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Volume 24 No. 117

Sports Media

          The following lists final ratings from selected events     from the past weekend.  All times are EDT.  Numbers are from     the networks.  CBS's ratings were unavailable (THE DAILY).
EVENT DATE NET TIME RAT/SHR
Road to the Visa Triple Crown
5/9
ABC
4:00-4:30pm
1.2/4
European Gymnastics
5/9
ABC
4:30-6:00pm
1.5/5
"NBA on NBC": Pacers-Knicks
5/9
NBC
1:00-3:30pm
4.8/16
"NBA on NBC": Jazz-Spurs
5/9
NBC
3:30-6:00pm
5.3/16
Indy 500 Time Trials
5/10
ABC
2:30-3:30pm
0.9/3
CART: Rio 400
5/10
ABC
3:30-6:00pm
1.5/4
"NHL on Fox": STL-DET/MON-BUF
5/10
FOX
2:00-5:00pm
1.6/5
"NBA on NBC": Pacers-Knicks
5/10
NBC
12:30-3:00pm
6.2/20
"NBA on NBC": Sonics-Lakers
5/10
NBC
3:00-5:30pm
6.5/19
"NBA on NBC": Bulls-Hornets
5/10
NBC
5:30-8:00pm
8.3/21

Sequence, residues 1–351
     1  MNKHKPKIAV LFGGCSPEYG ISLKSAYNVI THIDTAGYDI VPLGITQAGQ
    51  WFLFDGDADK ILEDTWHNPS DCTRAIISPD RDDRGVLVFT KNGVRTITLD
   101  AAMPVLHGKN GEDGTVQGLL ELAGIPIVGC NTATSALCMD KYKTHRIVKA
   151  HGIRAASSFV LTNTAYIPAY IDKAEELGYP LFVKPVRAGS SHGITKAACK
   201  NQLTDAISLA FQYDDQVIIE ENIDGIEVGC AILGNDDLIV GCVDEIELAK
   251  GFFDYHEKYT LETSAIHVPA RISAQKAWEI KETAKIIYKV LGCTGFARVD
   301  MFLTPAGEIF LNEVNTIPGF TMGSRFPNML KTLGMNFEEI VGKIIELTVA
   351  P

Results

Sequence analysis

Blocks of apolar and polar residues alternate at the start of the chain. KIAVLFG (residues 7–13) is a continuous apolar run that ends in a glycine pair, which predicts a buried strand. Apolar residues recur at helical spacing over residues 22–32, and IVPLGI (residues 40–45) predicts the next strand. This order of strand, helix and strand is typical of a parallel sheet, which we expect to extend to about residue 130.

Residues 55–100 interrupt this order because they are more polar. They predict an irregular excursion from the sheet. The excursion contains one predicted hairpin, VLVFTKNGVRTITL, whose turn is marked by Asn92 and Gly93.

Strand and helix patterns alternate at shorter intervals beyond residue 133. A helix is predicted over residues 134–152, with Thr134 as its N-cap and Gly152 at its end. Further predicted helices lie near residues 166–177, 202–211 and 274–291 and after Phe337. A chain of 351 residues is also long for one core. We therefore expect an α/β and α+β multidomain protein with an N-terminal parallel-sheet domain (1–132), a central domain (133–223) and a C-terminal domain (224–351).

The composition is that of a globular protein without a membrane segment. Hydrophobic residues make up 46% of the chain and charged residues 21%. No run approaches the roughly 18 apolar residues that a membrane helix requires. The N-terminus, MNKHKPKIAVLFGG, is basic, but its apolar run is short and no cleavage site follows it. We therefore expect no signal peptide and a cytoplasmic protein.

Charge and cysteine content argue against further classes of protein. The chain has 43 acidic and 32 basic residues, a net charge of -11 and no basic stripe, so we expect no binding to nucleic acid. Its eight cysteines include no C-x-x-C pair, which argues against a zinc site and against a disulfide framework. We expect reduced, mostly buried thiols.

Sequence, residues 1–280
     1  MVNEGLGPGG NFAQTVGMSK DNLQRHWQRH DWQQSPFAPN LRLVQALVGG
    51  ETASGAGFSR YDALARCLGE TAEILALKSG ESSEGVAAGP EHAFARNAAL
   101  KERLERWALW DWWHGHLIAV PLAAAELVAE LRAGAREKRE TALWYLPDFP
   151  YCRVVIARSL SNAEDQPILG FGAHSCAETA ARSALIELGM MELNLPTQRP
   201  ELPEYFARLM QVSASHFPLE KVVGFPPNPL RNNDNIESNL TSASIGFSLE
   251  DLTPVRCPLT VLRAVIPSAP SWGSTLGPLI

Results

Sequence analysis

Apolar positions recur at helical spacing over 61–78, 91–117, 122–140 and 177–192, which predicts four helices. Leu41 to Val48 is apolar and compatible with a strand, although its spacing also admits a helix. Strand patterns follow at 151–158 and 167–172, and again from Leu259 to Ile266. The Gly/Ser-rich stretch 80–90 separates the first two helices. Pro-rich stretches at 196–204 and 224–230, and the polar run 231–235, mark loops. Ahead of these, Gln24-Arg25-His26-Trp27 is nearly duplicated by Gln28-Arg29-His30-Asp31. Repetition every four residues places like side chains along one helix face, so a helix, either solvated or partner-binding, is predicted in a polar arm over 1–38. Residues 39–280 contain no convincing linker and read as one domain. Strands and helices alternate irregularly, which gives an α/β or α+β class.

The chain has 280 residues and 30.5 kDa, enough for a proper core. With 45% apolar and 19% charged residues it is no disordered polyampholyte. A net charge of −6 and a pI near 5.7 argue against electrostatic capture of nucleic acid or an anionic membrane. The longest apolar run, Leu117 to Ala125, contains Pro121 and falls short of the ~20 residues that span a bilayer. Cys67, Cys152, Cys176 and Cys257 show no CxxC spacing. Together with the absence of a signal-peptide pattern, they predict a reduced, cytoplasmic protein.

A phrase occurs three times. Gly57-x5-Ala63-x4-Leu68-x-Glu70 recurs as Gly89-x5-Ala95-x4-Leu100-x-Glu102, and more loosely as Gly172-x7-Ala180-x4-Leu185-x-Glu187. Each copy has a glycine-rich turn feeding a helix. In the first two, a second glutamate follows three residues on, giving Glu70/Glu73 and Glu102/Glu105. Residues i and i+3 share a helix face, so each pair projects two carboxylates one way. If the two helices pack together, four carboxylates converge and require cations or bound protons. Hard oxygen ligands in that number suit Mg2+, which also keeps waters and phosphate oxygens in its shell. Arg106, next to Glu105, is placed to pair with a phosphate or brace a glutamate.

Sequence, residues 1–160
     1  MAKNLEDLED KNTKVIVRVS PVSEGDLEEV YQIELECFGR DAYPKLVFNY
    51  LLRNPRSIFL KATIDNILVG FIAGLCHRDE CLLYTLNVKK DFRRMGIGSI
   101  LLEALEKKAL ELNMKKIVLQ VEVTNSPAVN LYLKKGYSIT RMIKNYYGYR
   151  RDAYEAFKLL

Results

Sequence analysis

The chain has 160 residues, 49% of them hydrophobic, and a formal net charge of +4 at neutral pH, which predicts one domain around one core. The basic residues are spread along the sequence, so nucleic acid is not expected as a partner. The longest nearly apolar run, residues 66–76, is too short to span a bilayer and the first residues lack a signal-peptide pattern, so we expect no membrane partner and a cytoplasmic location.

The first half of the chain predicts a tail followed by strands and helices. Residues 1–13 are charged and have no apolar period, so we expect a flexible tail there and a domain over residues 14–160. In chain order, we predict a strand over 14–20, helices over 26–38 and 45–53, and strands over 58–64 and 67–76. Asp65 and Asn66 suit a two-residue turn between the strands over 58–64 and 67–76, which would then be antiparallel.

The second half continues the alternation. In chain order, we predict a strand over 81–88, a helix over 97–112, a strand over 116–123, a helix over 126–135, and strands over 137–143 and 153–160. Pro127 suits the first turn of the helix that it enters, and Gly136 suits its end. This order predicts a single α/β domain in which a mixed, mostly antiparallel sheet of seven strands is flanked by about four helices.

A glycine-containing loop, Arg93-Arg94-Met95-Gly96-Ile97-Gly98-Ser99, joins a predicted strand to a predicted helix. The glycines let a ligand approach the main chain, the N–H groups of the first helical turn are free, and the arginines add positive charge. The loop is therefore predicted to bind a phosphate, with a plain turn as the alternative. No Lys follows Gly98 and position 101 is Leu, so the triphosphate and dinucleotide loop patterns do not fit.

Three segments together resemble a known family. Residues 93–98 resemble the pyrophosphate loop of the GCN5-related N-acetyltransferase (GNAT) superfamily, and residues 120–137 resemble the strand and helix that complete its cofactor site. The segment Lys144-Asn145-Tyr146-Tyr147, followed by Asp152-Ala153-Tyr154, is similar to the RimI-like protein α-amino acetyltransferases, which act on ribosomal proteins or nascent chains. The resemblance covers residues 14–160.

RATINGS NOTES: Through 14 games of the NBA Playoffs, NBC's average rating of 6.0/17 is down 2% from last year's 6.1/17....Through the first three weeks of the NHL Playoffs, Fox's 1.8/5 is down 10% from last year's 2.0/5 (THE DAILY). ...In L.A., Larry Stewart reports that KCAL received a 16.1/22 for the Lakers-Sonics Game Five, compared to TNT's 3.5/5 local rating. That equals 2.4 million viewers on KCAL and 525,000 on TNT. Stewart notes that the preceding Jazz- Spurs game on TNT got a 4.0, "so L.A. viewers made a conscious effort to switch. This tells us that L.A. must love [Lakers broadcasters] Chick Hearn and Stu Lantz" (L.A. TIMES, 5/15). In related news, Tom Hoffarth reports that the WNBA Sparks "could have" Hearn for six telecasts on Fox Sports West. Details haven't been finalized (L.A. DAILY NEWS, 5/15)....Fox Sports Midwest's coverage of Game Three of the Blues-Red Wings series drew an 8.5 rating, the highest rating for any event in FSMW history. An average of 94,000 viewers watched the entire game (FSM)....In Toronto, Rob Longley reports that TSN's first round coverage of the NHL Playoffs was down 25% while CBC's ratings were down "slightly" from last year. CBC featured the Oilers and Senators, the "upstart Canadian teams," while TSN had Flyers-Sabres and Penguins-Canadiens, "matchups that looked good on paper, but fizzled" (TORONTO SUN, 5/15).